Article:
First appearance: - Louisiana Hayride (LP) 33rpm NR-8973 mono
Reissued: - November 2011 MRS (CD) 500/200rpm MRS 30001256-2 mono
04 - "BLUE MOON OF KENTUCKY" - B.M.I. - 2:06
Composer: - Bill Monroe
Publisher: - Peer International Corporation - Fort Knox Music Incorporated
Matrix number: - HPA5 6101
Recorded: - October 16, 1954
Released: - 1983
First appearance: - Louisiana Hayride (LP) 33rpm NR-8973-3 mono
Reissued: - November 2011 MRS (CD) 500/200rpm MRS 30001256 mono

The first show was an excellent one. Elvis' long nights in small clubs, the constant practice, and even the disappointment of the "Grand Ole Opry" appearance had all helped him evolve into an exciting performer. The "Hayride" audience loved him, and, after his first show, he was a local celebrity. The "Louisiana Hayride" contract called for forty-eight appearances a year with weekends off at the option of the "Hayride". The booking had been done through Sam Phillips, and Elvis was paid eighteen dollars a show, while Scotty Moore and Bill Black were paid twelve dollars each - and the four-hundred-mile drive from Memphis to Shreveport and the lodging and food expenses made it impossible to live on the guarantee. But there were other reasons for singing the "Louisiana Hayride" contract. From October 1954 through December 1955, Elvis' music matured and his stage skills improved because of his many "Hayride" appearances. It was an excellent training ground for the fledgling musician. The total budget for each "Hayride" show was $1,500. Admission was sixty cents for adults and thirty cents for children.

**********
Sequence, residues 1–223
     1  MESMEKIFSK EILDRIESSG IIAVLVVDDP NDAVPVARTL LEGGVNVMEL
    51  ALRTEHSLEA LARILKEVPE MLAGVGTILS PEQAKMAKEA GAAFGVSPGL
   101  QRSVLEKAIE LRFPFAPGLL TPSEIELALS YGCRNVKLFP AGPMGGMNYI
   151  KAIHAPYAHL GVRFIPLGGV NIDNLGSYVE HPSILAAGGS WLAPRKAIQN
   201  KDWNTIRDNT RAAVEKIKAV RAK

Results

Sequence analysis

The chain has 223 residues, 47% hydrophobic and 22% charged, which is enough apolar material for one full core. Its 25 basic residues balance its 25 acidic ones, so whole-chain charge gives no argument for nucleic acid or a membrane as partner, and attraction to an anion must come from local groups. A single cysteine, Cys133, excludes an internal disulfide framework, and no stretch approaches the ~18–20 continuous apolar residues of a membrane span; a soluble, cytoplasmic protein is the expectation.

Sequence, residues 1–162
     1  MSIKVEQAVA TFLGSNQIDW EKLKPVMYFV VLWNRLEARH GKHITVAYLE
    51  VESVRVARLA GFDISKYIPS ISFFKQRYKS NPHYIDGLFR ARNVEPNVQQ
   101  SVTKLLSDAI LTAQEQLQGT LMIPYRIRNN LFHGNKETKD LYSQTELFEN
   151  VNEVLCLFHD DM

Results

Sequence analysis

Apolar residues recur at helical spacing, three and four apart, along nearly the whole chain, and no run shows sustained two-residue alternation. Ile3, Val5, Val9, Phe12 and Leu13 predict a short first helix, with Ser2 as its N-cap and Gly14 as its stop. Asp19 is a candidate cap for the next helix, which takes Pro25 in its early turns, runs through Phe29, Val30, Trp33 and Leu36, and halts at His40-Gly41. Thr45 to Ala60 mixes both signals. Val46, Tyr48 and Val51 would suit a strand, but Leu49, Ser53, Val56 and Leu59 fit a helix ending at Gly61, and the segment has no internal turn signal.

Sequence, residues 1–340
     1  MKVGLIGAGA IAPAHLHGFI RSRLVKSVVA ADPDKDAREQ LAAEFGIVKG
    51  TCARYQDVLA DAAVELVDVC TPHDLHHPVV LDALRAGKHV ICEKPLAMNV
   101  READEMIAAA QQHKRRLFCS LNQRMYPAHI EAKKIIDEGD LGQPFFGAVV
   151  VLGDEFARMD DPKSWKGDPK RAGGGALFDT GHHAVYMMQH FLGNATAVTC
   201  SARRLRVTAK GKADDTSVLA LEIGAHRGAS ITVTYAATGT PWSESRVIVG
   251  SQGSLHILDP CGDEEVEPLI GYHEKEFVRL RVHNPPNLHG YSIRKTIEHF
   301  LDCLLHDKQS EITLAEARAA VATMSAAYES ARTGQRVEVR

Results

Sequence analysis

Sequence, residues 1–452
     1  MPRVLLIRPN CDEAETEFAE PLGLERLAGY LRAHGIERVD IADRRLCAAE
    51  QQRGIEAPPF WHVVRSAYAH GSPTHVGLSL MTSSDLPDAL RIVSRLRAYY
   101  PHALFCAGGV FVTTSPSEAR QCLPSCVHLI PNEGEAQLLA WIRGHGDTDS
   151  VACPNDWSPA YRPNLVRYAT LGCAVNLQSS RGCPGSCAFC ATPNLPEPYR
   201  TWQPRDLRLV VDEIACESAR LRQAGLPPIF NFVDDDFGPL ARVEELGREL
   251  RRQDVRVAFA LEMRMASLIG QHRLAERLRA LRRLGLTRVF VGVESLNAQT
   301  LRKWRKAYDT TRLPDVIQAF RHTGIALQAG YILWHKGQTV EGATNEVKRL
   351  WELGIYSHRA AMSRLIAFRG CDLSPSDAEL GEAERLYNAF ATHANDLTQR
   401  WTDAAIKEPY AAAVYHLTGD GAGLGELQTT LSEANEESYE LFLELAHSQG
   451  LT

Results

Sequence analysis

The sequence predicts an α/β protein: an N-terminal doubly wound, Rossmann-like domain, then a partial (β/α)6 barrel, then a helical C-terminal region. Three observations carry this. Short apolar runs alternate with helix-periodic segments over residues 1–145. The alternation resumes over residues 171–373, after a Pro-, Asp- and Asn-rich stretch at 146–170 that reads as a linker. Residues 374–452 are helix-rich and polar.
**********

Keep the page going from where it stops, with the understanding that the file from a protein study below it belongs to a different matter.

During the performance, Frank Page had watched the audience with interest. "The audience was a little shocked", he later recalled. "Scotty's guitar, of course, was different and had a unique sound - one the audience was not quite ready for at the time".